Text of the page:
Smooth and Time-Optimal Trajectory Generation for High Speed Machine Tools
Heng, Michele Mei-Ting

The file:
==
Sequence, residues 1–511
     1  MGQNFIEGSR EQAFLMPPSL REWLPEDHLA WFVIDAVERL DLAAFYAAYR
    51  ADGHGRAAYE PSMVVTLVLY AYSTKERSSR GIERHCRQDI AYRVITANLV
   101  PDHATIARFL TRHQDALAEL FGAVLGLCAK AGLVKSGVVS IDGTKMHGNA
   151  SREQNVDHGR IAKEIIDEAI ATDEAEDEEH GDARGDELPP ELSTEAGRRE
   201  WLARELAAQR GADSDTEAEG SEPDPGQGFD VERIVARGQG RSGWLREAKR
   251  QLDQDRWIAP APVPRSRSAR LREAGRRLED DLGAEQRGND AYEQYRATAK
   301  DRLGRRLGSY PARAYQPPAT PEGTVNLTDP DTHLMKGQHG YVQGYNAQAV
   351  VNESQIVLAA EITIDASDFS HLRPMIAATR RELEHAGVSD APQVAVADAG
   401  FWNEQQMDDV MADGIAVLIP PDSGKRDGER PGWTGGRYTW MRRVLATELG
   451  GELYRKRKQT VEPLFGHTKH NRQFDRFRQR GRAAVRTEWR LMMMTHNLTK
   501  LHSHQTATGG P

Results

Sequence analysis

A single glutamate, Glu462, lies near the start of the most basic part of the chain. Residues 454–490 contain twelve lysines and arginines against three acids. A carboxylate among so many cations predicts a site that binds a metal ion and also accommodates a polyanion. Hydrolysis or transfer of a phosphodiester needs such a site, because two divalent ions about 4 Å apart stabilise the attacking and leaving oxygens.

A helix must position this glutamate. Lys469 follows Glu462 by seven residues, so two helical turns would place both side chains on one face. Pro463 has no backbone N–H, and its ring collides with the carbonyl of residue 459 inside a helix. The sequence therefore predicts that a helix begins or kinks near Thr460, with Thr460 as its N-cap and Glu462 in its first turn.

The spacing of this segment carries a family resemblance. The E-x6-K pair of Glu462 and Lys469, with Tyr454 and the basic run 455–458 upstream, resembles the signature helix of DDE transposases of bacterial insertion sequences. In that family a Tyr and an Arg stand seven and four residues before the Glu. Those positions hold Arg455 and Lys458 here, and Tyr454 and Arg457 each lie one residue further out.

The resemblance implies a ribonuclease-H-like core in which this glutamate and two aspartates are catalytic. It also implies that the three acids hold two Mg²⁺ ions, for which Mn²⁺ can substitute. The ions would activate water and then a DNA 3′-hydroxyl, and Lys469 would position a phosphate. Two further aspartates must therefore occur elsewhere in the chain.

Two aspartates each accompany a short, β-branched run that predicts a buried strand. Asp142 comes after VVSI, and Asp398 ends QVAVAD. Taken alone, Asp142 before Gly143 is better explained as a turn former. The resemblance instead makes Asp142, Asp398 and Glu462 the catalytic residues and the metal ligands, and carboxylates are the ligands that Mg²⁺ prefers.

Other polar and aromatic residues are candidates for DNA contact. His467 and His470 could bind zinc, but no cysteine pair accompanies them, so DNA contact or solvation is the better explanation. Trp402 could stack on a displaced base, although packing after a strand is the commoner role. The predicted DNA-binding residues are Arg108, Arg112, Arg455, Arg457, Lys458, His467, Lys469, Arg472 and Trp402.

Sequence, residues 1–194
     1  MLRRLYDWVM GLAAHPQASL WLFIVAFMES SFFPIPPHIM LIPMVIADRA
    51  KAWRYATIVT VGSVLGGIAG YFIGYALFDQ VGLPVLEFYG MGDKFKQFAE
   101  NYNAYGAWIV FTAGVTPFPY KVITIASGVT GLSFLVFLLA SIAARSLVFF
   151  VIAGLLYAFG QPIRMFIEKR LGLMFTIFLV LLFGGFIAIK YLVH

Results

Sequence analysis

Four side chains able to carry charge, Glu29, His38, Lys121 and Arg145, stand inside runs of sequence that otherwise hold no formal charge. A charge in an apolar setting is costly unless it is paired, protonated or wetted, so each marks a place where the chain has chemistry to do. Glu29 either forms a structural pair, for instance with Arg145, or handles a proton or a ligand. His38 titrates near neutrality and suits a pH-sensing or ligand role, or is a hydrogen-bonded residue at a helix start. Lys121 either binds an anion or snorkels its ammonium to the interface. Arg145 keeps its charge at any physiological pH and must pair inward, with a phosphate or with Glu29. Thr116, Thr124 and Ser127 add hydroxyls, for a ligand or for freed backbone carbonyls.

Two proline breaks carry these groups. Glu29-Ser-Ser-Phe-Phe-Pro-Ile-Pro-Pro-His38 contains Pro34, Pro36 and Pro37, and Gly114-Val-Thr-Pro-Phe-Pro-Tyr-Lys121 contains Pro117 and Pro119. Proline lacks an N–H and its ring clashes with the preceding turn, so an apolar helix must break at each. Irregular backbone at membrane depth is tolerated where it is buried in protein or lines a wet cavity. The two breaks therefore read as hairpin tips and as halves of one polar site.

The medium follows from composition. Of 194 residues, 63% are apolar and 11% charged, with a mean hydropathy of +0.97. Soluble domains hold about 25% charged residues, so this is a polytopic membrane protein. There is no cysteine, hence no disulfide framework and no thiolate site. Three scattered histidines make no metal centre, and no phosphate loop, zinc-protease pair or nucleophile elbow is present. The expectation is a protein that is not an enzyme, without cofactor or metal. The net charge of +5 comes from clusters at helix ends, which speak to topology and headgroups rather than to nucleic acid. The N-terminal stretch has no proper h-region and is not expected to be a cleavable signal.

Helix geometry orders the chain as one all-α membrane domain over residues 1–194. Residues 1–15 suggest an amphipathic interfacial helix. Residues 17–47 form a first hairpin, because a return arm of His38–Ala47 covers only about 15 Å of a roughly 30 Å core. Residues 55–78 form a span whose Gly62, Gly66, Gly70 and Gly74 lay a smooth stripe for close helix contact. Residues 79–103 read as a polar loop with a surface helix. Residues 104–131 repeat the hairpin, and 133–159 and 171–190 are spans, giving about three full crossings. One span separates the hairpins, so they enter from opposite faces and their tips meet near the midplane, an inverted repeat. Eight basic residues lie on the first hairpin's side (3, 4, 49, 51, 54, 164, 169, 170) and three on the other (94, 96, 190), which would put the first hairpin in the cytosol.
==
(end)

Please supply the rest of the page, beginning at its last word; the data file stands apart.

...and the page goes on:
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In machining complex dies, molds, aerospace and automotive parts, or biomedical components, it is crucial to minimize the cycle time, which reduces costs, while preserving the quality and tolerance integrity of the part being produced. To meet the demands for high quality finishes and low production costs in machining parts with complex geometry, computer numerical control (CNC) machine tools must be equipped with spline interpolation, feedrate modulation, and feedrate optimization capabilities. This thesis presents the development of novel trajectory generation algorithms for Non Uniform Rational B-Spline (NURBS) toolpaths that can be implemented on new low-cost CNC's, as well as, in conjunction with existing CNC's. In order to minimize feedrate fluctuations during the interpolation of NURBS toolpaths, the concept of the feed correction polynomial is applied. Feedrate fluctuations are reduced from around 40 % for natural interpolation to 0.1 % for interpolation with feed correction. Excessive acceleration and jerk in the axes are also avoided. To generate jerk-limited feed motion profiles for long segmented toolpaths, a generalized framework for feedrate modulation, based on the S-curve function, is presented. Kinematic compatibility conditions are derived to ensure that the position, velocity, and acceleration profiles are continuous and that the jerk is limited in all axes. This framework serves as the foundation for the proposed heuristic feedrate optimization strategy in this thesis. Using analytically derived kinematic compatibility equations and an efficient bisection search algorithm, the command feedrate for each segment is maximized. Feasible solutions must satisfy the optimization constraints on the velocity, control signal (i.e. actuation torque), and jerk in each axis throughout the trajectory. The maximized feedrates are used to generate near-optimal feed profiles that have shorter cycle times, approximately 13-26% faster than the feed profiles obtained using the worst-case curvature approach, which is widely used in industrial CNC interpolators. The effectiveness of the NURBS interpolation, feedrate modulation and feedrate optimization techniques has been verified in 3-axis machining experiments of a biomedical implant.